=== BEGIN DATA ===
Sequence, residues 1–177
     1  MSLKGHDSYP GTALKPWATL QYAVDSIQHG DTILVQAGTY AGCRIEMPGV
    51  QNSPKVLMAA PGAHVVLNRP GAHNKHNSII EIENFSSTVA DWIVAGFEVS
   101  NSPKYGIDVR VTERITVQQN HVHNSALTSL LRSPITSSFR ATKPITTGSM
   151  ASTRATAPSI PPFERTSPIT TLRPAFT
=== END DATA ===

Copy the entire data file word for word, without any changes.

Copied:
Sequence, residues 1–177
     1  MSLKGHDSYP GTALKPWATL QYAVDSIQHG DTILVQAGTY AGCRIEMPGV
    51  QNSPKVLMAA PGAHVVLNRP GAHNKHNSII EIENFSSTVA DWIVAGFEVS
   101  NSPKYGIDVR VTERITVQQN HVHNSALTSL LRSPITSSFR ATKPITTGSM
   151  ASTRATAPSI PPFERTSPIT TLRPAFT